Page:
Interest rates up despite sluggish new car demand


Interest rates up despite sluggish new car demand


Thailand’s sixth largest lender by total assets, Thanachart Bank, raised its interest rates for hire-purchase car loans in September by 10 to 15 basis points, taking the level to between 2.65 and 2.75 percent.

This is in line with the rest of the lending rates across the industry and was made in response to higher financial costs and the rising number of non-performing loans (NPLs).

Thanachart Bank is the largest lender in the auto industry, with a portfolio of around 435 billion baht. It has been one of the hardest hit in terms of non-performing loans within the vehicle sector, much of it largely because of the ousted governments’ first car buyer policy, which continues to have repercussions across the local motor vehicle industry.

The bank has noted that new car sales for 2014 should finish at around 820,000 to 850,000 units and it is forecasting a much-improved 2015 with numbers expected to rise to 930,000 units.

A senior vice-president with Thanachart Bank has been quoted as saying that demand for new cars has remained weak, even with many leasing companies offering promotional campaigns at zero interest rates for a period or offering no down-payment deals.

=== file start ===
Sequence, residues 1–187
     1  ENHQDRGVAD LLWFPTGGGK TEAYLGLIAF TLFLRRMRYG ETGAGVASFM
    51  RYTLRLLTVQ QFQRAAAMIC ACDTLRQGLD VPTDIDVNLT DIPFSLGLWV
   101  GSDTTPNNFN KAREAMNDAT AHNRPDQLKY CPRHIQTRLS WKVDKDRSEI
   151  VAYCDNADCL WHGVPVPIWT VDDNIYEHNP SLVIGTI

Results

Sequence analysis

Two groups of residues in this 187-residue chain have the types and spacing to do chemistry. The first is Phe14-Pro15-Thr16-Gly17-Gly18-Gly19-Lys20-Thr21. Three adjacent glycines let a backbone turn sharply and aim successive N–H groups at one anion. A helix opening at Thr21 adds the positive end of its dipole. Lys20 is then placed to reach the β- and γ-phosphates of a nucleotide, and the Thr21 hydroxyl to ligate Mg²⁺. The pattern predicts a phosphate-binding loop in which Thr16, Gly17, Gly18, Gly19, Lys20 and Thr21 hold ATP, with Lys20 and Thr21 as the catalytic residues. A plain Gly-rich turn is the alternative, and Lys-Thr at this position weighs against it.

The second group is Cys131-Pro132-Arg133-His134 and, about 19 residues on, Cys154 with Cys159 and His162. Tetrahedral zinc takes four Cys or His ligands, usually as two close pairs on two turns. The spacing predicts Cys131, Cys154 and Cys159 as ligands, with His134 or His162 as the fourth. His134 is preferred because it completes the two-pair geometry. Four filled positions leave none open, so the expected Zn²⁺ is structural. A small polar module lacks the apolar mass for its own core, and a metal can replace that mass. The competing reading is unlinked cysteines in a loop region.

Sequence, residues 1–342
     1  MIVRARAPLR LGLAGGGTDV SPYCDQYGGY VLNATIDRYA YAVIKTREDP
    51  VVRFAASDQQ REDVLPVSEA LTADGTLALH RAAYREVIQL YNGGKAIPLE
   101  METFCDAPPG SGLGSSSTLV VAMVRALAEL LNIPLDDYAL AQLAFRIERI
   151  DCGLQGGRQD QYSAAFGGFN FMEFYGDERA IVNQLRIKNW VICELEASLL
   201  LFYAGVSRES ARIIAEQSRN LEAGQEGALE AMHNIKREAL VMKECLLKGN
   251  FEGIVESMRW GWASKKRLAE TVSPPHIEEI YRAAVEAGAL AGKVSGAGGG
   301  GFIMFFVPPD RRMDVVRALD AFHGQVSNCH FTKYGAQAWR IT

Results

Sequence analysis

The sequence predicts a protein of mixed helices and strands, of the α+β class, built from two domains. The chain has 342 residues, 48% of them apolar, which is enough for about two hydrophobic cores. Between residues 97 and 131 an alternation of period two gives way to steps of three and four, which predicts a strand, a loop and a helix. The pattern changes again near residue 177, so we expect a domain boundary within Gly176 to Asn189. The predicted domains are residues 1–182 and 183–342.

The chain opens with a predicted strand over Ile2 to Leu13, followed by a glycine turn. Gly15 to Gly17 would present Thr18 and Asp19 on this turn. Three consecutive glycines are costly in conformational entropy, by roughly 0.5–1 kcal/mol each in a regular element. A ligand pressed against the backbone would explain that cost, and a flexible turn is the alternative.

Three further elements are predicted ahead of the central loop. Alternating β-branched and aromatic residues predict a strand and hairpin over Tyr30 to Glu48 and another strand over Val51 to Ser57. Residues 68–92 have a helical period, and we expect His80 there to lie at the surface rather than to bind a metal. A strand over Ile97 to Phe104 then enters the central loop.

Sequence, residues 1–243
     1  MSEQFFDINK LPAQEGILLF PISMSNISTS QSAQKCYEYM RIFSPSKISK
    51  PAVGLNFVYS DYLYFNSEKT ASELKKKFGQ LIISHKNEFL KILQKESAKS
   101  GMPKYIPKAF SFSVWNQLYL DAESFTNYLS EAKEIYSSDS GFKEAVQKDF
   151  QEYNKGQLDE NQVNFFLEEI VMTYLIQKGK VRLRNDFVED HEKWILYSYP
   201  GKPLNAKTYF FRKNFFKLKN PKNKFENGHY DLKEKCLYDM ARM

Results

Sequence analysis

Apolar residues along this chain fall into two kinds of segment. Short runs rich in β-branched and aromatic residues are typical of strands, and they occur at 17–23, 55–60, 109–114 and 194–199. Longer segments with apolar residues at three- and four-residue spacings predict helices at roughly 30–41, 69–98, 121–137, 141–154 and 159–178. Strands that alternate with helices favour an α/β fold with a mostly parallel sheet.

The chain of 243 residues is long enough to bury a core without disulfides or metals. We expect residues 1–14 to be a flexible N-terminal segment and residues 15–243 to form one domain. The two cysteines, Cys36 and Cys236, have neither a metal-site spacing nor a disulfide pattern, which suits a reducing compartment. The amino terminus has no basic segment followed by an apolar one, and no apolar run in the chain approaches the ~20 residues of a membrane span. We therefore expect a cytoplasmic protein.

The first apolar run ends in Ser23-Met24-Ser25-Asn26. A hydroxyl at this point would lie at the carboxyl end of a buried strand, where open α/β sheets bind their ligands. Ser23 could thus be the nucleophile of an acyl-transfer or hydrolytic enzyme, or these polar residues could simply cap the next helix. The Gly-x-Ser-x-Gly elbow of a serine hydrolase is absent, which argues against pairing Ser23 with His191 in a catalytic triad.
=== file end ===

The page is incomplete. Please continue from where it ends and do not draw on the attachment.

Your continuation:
The auto leasing arm of Kasikornbank, Kasikorn Leasing, has an interest rate level of 2.65 percent, having also pushed the rate up by 15 basis points. As with others in the same marketplace, Kasikorn Leasing said the rate hike was needed to cover rising internal overseeing costs and the increased number of NPLs.

Tisco Bank, another which operates strongly in the car market, has also raised its loan rates by 10 to 15 basis points for new car loans.

Thanachart Bank said the rate rise was needed because of the higher than anticipated NPLs and also the increased costs incurred in both servicing these and introducing stricter debt collection procedures. Equally, interest rates are expected to rise across the board over the next 12 months as economic outlooks improve.

Although the Bank of Thailand has kept its policy rate unchanged at two percent, there are those within the financial community who believe it will be forced to lift that rate sometime within the next year to mirror what has happened with the US Federal Reserve which is showing interest rates trending higher.

Of course, the central bank’s policy rate is a short-term rate, while the rates within the automotive hire-purchase industry are long-term, usually stretching over four years and therefore most often slightly higher than the short-term rate.